Andromache Kokkoti

Archivist, Department of Processing of Archives

General State Archives, Central Service

The Political House of His Majesty the King and more specifically the Grand Royal Chamberlain’s Office is charged with organising matters of etiquette and of the King’s relations with leaders or representatives of foreign states. On this basis and in accordance with the Rules and Regulations of the Royal Court, the Office conducts the correspondence through which are exchanged wishes, congratulatory messages, telegrams for anniversaries and national holidays, letters of thanks, and presentations of credentials. The series of files of formal correspondence of the archive of the Royal House of Greece which is kept in the Central Service of the General State Archives contains a plethora of documents varying from the simplest and sparest to the most elaborate and impressive, such as the document in the picture.

It is a letter in Arabic of 12 March 1962, expressing the acceptance by Morocco’s leader Hassan II (1929-1999) of his embassador extraordinary and plenipotentiary and is addressed to King Paul I of Greece. Its peculiarity consists not only in the document’s ornamental elements and in the quality of the paper, but also in the outer velvet envelope (embroidered with a golden thread), in which the credentials are presented in the country’s official language. It is accompanied by an official translation in French.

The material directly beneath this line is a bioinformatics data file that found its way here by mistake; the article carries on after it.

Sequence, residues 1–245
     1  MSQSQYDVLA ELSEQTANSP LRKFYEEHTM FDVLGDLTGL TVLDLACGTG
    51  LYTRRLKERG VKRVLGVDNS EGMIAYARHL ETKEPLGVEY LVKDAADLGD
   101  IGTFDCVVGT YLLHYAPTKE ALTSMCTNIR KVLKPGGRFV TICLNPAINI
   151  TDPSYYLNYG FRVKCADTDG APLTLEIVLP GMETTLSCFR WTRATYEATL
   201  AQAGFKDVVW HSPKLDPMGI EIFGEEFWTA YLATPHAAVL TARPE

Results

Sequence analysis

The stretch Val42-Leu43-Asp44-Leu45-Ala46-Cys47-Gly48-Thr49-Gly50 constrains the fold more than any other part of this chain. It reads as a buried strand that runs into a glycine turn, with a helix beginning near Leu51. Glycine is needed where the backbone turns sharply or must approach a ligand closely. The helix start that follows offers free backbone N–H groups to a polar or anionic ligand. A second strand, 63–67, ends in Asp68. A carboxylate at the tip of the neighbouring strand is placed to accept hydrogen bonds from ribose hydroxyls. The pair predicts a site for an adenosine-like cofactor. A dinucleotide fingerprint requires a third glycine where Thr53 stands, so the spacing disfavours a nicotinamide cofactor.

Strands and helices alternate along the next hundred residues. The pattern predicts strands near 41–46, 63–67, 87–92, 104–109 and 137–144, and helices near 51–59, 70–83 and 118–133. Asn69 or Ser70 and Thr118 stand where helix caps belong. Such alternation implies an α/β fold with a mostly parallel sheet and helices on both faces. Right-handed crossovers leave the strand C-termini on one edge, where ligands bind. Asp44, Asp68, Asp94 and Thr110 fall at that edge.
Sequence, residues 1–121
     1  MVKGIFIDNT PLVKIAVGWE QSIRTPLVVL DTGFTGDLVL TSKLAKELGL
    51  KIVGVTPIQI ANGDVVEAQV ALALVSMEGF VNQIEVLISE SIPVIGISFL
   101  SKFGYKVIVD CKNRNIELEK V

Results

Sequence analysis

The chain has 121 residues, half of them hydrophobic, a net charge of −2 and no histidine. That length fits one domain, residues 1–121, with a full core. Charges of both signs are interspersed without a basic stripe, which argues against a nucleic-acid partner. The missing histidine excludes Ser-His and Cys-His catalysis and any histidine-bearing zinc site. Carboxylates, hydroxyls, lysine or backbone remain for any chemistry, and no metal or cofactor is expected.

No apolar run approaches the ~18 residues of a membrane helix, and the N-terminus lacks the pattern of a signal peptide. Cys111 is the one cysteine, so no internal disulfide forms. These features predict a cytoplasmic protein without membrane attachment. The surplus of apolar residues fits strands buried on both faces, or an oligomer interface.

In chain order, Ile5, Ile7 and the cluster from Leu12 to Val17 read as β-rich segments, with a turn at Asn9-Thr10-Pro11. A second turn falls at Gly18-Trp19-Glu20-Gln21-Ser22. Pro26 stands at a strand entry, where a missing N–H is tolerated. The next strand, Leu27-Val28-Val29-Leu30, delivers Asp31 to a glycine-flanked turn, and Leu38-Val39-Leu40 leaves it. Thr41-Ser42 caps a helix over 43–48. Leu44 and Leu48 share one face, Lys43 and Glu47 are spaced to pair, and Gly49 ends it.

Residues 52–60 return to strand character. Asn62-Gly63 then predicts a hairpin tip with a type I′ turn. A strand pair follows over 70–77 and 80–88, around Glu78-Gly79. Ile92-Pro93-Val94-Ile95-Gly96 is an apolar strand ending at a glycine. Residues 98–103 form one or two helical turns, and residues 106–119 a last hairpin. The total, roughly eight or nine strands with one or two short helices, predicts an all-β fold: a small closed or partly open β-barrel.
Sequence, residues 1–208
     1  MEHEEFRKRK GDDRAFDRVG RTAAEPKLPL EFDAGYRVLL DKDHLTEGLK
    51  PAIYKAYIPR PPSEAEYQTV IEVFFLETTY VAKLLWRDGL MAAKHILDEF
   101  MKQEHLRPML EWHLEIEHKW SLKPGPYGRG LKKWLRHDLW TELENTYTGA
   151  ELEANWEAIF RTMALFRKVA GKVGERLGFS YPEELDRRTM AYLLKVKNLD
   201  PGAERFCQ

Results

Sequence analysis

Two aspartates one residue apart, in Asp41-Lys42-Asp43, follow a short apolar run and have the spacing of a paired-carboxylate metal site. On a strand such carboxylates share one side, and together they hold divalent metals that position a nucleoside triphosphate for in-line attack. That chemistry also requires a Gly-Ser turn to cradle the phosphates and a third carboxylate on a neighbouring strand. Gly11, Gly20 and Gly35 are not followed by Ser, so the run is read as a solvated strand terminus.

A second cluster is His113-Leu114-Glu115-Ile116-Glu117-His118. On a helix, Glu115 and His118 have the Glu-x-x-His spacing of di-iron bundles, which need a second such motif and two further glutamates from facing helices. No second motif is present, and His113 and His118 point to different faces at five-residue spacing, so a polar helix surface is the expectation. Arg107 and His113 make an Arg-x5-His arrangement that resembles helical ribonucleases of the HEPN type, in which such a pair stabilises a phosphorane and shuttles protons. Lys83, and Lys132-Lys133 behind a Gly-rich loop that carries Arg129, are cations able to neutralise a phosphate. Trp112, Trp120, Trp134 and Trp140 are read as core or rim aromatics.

The archive also informs us that in 1962 the state’s national holiday is transferred from 18 November, commemorating Morocco’s liberation from French tutelage, to 3 March, the anniversary of Hassan‘s ascent to the throne after the death of his father, Mohammed V. This change is noted by the Chamberlain’s Office in order that the corresponding letter be sent from Greece as part of the formal correspondence. It is in this same year that Hassan and his council drew up Morocco’s first constitution, Islam was made the official state religion and the king was stipulated as the supreme representative of the state. His period of reign witnessed much unrest, two attempts at murder and coups d’état, and armed clashes; it is only in the early 1990’s that, under the threat of international isolation and after severe criticism by other nations, Morocco will start to make improvements in the field of human rights, since the country was undemocratic and oppressive during the first two decades of his reign.

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